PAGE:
The Market is Not the Economy

Imagine that six months ago, you are told what the future looks like: an unknown and highly contagious virus will spread across the globe. All over the world, businesses are mandated to close their doors. Economies grind to a halt. Hundreds of thousands die from disease, and millions more find themselves without jobs. In the United States, the labor market faces the worst damage in industries like leisure and hospitality, and retail trade, as industry unemployment rates surge to 35.9% and 15.1%, respectively.

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In such a scenario, how might you position your investment portfolio? Would you have predicted that only six months later, with the virus still spreading, stock prices would be virtually unchanged? And if so, which sector would you expect to lead the way? Probably not the one where the unemployment rate rose the most.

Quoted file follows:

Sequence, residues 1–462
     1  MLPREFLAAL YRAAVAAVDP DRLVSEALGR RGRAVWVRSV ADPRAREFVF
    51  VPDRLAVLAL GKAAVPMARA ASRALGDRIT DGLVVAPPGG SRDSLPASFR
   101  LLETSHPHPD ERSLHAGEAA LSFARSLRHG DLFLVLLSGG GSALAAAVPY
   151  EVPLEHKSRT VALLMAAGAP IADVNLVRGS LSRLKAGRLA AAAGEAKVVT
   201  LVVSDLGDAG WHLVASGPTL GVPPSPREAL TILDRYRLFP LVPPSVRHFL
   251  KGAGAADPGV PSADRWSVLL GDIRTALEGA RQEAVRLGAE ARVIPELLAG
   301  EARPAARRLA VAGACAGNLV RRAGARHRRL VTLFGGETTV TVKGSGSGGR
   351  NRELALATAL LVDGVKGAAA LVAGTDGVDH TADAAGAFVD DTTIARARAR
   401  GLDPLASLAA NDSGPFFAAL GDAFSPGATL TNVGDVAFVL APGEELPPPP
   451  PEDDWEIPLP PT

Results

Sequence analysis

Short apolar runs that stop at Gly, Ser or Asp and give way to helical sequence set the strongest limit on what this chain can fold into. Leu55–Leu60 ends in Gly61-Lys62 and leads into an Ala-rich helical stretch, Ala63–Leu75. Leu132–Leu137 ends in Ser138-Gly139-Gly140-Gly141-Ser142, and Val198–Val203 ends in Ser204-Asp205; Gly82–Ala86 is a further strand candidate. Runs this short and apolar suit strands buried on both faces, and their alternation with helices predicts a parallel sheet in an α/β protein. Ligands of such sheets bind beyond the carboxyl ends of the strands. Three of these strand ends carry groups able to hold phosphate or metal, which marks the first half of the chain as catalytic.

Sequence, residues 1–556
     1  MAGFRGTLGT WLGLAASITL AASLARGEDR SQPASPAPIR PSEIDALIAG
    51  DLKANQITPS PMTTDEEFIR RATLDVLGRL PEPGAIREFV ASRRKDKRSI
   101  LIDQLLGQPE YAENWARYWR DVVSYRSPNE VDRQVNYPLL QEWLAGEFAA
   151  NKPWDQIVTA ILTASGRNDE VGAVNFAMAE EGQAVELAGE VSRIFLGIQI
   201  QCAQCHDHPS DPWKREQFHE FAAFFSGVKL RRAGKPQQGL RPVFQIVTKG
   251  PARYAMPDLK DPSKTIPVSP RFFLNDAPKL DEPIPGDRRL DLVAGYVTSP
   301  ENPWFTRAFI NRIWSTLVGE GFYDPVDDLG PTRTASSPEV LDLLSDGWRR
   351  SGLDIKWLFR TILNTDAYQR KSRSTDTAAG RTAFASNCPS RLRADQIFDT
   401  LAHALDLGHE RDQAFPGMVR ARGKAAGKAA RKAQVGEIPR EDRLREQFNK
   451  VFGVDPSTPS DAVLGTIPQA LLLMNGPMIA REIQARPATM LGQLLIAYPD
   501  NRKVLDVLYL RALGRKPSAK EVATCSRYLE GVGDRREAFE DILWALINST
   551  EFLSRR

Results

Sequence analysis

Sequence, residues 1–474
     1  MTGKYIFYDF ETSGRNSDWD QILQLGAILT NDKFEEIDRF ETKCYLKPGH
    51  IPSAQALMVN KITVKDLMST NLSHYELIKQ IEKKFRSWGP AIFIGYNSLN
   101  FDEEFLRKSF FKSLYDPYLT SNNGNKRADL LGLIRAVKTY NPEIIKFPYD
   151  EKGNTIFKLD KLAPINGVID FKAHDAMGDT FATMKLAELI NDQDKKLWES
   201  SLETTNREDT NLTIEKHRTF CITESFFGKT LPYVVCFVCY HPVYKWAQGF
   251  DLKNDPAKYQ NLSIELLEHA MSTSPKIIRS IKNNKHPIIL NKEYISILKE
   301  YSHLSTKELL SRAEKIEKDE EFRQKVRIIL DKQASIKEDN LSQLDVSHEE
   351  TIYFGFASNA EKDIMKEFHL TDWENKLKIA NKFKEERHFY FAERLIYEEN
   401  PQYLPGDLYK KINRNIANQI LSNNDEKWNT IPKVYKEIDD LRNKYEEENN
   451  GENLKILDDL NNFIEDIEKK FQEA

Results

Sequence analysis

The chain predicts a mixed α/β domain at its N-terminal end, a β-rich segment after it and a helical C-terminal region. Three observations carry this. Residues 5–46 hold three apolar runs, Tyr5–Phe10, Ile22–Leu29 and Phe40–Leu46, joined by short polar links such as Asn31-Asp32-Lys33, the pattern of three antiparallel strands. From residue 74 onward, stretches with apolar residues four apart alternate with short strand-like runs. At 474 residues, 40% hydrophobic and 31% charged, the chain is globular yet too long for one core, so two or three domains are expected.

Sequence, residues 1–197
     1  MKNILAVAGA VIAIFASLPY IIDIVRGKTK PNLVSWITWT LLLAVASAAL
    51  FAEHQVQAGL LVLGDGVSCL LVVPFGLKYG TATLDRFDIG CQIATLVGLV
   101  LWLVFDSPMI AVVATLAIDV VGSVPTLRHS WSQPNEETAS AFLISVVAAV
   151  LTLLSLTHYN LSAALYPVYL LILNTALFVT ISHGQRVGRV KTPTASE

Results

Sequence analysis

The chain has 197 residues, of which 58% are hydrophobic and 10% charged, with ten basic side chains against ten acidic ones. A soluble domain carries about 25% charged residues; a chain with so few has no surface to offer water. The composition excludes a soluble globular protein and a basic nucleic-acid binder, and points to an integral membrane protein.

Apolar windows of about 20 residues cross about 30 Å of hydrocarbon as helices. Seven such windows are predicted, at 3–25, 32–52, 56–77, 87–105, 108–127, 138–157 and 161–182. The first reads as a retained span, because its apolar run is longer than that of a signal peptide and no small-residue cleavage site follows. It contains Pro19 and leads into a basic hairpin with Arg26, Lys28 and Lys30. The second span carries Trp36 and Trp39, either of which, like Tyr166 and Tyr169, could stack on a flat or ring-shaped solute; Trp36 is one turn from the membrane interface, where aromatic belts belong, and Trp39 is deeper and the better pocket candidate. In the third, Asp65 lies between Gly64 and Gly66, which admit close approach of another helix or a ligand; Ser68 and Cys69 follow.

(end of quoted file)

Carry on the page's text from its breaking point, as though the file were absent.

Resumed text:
But you’d be wrong.

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Consumer Discretionary, the home to hotels, cruise lines, restaurants, and your favorite retail store, just set a new all-time high. It’s the first sector to do so.

Investing is hard.

Nothing in this post or on this site is intended as a recommendation or an offer to buy or sell securities. Posts on Means to a Trend are meant for informational and entertainment purposes only. I or my affiliates may hold positions in securities mentioned in posts. Please see my Disclosure page for more information.

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